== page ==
See-through clothes and bad taste: Paris fashion week hits

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See-through clothes and bad taste: Paris fashion week hits
A model presents a creation by Stella McCartney in Paris. Photo: AFP

As a hugely eventful Paris fashion week -- overshadowed by the robbery of $10 million of Kim Kardashian's jewellery -- comes to an end on Wednesday, here is a summary sum up on the big catwalk trends.


Shiny happy people
OK, models do not smile, or almost never do. But Paris catwalks have been shimmering with all that glitters. Shiny vinyl fabrics made a striking comeback, from jackets and skirts to tight 1980s-inspired off the shoulder tops at Mugler, Kenzo and beyond. And on Wednesday Louis Vuitton's Nicolas Ghesquiere followed Dior and Lanvin to give his rock-lux look a gold and silver gleam.
A model presents a creation for Kenzo in Paris. 
Get your underwear out
Remember to check your underwear before you go out next summer. Because that is what people will be seeing. Fashion has never been quite so transparent. Rare were designers who didn't include at least one or two see-through dresses or tops in their Paris collections.
And the vast majority of sheer black tops and "Belle de Jour" tulle dresses were worn without bras on the catwalk.
But the strongest underwear to outerwear trend was the almost universal profusion of lingerie dresses, reaching even the heights of Chanel, where they ran through almost the entire collection.
Lanvin and Agnes b added another layer with their silky pyjama suits, as if to say, "It's summer, why get dressed at all..."
A model presents a creation for John Galliano.
Bad taste is in
In a week in which she has lost much of her bling, Kim Kardashian can at least take comfort from the fact that Paris designers seem to embracing something of her sense of style.
Saint Laurent's Vaccarello admitted he was flirting with a bit of flashy "bad taste" -- stilettos with the letters YSL forming the heels and mono-boob dresses for women who like to make entrances and headlines.
Kardashian is a big supporter Vetements' Demna Gvasalia -- who questions the idea of classic, tasteful style -- and she was wearing his Balenciaga designs the night she was robbed.
Dior unashamedly slapped its "J'adore Dior" slogan on shoulder straps and belts and even the straps of its sandals (that buyers reckon will be a big seller). And Chanel matched its baseball caps with chunky rapper bling diamond jewellery. Nothing tacky mind.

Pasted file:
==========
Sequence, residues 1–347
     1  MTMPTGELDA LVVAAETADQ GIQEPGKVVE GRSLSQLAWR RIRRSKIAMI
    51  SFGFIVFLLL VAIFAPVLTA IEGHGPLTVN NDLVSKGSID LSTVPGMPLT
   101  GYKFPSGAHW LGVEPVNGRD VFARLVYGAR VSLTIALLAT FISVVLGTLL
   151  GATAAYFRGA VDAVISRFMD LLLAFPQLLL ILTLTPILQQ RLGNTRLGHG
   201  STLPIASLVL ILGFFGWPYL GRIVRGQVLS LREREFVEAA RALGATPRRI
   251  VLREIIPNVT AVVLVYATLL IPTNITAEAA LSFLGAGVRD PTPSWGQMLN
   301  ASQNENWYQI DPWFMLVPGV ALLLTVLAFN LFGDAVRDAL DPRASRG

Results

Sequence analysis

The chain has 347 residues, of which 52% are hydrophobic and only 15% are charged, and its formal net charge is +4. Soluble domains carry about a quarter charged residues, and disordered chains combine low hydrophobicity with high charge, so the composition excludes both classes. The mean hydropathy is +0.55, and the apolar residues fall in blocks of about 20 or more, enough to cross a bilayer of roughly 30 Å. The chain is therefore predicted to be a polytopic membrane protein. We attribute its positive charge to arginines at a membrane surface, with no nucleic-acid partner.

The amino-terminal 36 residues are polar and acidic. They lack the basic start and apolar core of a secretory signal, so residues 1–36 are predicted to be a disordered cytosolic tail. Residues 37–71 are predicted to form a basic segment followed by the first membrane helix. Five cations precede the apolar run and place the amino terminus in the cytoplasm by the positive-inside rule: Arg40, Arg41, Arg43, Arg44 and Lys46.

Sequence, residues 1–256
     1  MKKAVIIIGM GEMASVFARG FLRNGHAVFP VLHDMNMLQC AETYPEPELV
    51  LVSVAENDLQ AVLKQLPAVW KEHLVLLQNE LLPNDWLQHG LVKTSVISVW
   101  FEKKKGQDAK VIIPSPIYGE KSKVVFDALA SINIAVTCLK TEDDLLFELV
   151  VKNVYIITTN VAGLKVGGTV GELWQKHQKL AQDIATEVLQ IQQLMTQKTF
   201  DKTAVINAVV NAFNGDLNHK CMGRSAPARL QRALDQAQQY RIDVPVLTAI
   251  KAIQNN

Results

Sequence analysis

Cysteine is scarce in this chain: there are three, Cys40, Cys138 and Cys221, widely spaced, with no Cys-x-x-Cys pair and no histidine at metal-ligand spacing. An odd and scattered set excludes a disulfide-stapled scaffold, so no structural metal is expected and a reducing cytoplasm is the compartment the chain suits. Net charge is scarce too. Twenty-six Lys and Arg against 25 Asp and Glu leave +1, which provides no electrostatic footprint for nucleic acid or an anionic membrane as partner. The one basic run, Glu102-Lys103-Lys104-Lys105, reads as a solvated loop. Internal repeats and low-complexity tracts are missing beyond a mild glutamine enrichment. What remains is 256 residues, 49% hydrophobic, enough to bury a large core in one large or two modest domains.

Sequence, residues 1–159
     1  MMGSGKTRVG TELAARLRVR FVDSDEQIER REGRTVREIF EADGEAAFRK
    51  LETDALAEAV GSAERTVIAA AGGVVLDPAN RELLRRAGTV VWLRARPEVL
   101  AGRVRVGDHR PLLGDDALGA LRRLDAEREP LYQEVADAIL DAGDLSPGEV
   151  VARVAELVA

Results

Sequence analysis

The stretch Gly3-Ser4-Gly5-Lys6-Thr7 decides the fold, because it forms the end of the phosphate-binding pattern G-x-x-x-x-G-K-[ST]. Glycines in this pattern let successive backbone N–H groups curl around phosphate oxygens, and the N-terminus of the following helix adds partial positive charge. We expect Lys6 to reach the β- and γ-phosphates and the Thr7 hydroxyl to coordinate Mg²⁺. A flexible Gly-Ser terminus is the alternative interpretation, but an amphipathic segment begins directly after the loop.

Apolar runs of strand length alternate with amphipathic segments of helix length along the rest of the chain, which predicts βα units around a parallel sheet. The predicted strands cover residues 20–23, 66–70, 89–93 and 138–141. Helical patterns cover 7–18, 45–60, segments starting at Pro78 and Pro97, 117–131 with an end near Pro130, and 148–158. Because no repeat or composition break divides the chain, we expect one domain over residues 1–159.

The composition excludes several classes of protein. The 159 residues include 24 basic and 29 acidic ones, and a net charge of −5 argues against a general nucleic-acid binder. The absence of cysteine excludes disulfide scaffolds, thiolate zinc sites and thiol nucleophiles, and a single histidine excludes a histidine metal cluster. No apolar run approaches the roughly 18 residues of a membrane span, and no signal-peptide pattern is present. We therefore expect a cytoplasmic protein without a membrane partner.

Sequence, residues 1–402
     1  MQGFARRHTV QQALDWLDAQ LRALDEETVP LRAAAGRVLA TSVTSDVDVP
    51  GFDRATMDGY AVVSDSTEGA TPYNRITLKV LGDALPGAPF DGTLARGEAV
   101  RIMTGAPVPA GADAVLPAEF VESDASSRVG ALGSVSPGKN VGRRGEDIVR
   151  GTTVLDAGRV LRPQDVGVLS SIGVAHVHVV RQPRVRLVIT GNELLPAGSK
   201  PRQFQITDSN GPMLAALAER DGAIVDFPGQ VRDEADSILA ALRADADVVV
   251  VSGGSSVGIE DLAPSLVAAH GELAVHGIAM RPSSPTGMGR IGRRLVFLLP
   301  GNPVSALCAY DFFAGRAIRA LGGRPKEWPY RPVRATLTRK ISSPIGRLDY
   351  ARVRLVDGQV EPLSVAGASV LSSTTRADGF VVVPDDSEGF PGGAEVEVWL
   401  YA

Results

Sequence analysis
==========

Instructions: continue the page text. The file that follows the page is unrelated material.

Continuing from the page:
Kanye West could do worse if he wants to put the glint back in his wife's eye.
Empires strikes back 
Paris has always been the capital of chic, but for the past few seasons it has also been ground zero of cool. A band of young rebel iconoclastic labels led by Gvasalia's Vetements, Y Project, Jacquemus and Koche have shaken up the old order with Young Turks also taking over a handful of old houses from Nina Ricci to Paco Rabanne.
But this week the establishment struck back, hogging the headlines with new creative directors at Dior, Saint Laurent, Lanvin and Leonard. While neither Maria Grazia Chiuri at Dior nor Anthony Vaccarello at Saint Laurent are revolutionaries, there is a edgy energy in their spring-summer collections that promises the old stagers could surprise us yet.
A model presents a creation for Lanvin.   
In the pink
Some parents of young girls may be running a campaign claiming it "stinks" yet pink was in full blush on the runways. Chanel, Valentino and Nina Ricci gloried in its iridescence while pale ivory pinks ran through the strong trend for lingerie dresses. Celine, oft-copied in high street stores, was not afraid to use it either, cutting its edgy oversized feel with two toga dresses.
The summer's other big stand-out colour -- and here's something to tweet about -- is canary yellow. Just remember your sunglasses for health and safety.
A model presents a creation by Céline.


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